In the medieval period Hexameral literature was heavily influenced by naturalism. What ‘naturalism’ means in a Medieval context is that arbitrarily miraculous actions of God are not acceptable explanations for natural philosophy. Medievals were very clear on this. Yes God could do anything, but just because he could do something did not mean that using his omnipotence was legitimate as an answer to questions. This notion was explained by referring to primary and secondary causes. In the Medieval view, God is the ultimate primary cause of everything. That fact has very little explanatory power, and Medieval theologians viewed an unnecessary recourse to the primary cause as ‘a cop out’. Secondary causation, the action of natural forces which were created by God, were adequate and proper explanations and this is where the focus of inquiry would be located. Hence God creates nature and then forces within nature would have their subsequent effects. Theologians held that God almost always works through secondary causes and within the framework of the world he created. His direct intervention causes miracles, and these are very rare. An example of this would be an eclipse. These happen when the moon passes between the earth and the sun, so we don’t need a recourse to God. However the eclipse at the crucifixion happened during a full moon, so it could not have happened naturally; hence it was a miraculous disputation in the usual running of nature.
By the end of the Middle Ages, theologians were already trying to explain miracles using natural causation, so the parting of the Red Sea was explained by a wind sent by God, a secondary cause. While man could not possibly comprehend the creation ex nihilo, everything after than moment should be explained using secondary causation, with the exception of those unusual contrary to nature occurrences. This approach represents a confidence in the power of human reason, to comprehend a rational and orderly world. It presumably stems from a Christianised Platonism which emphasised the power of the human intellect and the salvific nature of knowledge. Neo Platonists in the 12th century certainly had a lot to say about man’s ability to know things.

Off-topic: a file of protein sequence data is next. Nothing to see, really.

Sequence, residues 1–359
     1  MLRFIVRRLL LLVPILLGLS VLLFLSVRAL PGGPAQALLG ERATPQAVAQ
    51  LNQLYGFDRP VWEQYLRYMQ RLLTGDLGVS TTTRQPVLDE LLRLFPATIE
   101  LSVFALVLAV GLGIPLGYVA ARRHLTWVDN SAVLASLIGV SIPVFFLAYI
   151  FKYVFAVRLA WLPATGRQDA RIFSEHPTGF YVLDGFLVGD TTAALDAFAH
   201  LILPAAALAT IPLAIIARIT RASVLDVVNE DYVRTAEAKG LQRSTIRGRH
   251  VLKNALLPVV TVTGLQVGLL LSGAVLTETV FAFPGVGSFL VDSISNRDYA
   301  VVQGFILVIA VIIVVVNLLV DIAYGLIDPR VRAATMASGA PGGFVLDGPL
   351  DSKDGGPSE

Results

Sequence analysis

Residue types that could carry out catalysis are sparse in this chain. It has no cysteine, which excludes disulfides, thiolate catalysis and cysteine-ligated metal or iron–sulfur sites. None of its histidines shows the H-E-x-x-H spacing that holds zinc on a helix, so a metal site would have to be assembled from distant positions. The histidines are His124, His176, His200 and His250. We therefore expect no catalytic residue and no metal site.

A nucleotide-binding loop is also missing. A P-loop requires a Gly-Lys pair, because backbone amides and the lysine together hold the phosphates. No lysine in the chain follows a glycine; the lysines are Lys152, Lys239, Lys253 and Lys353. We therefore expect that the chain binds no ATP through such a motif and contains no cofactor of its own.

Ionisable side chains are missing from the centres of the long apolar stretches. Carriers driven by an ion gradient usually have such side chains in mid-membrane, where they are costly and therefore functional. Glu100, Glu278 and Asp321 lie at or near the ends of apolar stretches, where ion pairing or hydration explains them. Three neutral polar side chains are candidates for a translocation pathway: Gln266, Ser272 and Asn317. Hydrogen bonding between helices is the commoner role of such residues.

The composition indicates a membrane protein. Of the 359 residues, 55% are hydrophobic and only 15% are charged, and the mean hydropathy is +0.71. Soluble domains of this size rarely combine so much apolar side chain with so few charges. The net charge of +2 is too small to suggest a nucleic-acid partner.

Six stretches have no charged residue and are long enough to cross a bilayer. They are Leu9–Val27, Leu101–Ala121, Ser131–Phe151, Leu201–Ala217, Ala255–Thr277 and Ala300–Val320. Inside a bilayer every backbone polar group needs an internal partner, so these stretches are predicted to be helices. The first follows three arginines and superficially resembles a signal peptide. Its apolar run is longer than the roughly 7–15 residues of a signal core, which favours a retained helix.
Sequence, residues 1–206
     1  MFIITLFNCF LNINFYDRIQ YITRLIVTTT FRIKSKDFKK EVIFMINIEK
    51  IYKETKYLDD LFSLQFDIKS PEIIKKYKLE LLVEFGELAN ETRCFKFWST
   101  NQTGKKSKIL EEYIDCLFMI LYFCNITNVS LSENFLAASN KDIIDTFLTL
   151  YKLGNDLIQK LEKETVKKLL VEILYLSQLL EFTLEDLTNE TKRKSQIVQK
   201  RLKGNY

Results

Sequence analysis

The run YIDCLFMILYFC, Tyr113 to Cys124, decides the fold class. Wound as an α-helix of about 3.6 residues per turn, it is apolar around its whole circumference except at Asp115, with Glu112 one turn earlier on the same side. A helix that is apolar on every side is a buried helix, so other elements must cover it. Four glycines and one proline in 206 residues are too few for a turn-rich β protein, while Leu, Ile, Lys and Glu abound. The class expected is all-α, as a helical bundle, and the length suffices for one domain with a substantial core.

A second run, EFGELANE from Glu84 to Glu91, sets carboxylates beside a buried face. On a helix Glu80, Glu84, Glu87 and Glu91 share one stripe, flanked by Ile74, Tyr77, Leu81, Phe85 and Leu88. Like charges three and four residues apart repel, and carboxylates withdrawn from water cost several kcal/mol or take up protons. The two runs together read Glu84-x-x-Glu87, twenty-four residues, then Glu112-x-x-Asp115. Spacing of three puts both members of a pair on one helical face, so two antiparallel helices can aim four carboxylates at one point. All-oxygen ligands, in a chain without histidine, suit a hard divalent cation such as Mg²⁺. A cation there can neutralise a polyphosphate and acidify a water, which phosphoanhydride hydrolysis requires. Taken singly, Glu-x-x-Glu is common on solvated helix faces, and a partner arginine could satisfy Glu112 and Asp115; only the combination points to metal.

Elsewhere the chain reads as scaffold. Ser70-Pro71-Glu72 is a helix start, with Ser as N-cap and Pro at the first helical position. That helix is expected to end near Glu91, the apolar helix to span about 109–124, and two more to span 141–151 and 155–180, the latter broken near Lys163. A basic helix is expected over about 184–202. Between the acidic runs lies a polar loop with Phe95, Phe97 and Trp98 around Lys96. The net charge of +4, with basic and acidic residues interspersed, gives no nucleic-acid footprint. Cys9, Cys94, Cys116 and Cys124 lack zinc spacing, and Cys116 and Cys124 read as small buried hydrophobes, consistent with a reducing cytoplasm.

In the 12th Century the School of Chartes was home to both Thierry of Chartres and William of Conches who both showed a keen interest in the natural philosophy of Creation. Thierry wrote a treatise on the works of the Six days. This makes its way through Genesis 1 verse by verse, and each verse provides the structure for one chapter in his commentary. He makes it clear at the outset that he is going to expound the text ‘according to nature’. Thierry begins by positing the primary cause, God (Aristotle’s Philosophy posited four causes, this wasn’t available in the west yet but was known by digests). Thierry then posits the causes of the world in Aristotle's terms. God the father is the efficient cause, the creator. God the son is the formal cause and the final cause is God the Holy Spirit. The material cause is the four elements which are created by God in the beginning. Using the second person of the Trinity, the son (the word) as the formal cause shows the influence of Platonism. What he is doing is rewriting the Timaeus in Christian terms and combining it with Genesis. All these references to divine causation disappear after the first page and the rest of creation unfolds ‘naturally’. So where God separates the waters in Genesis, Tierrry uses natural causes to make this separation occur. The celestial fire heats the waters and causes them to evaporate. The vapours form clouds, thus forming the separation from the ocean to the clouds (this comes from St Basil). The land appears because the water is evaporating, so again, a natural explanation.
William of Conches goes much further in the Dragmaticon Philosophia (a dialogue between a Duke and a Philosopher) which is at first, not recognisable at all as a hexamoral treatise. There are no biblical quotations and no explicit exegesis. However the discussion extends over six days and each one is devoted to the natural philosophical issues which are raised by each part of Genesis. Again, he is heavily influenced by Platonism, explaining one point by saying that:
'It is not my intention to expound here the words of Plato, but to set down here the view of natural scientists concerning substances; but even if I have not expounded Plato’s words, I have said all that he said about elements and more’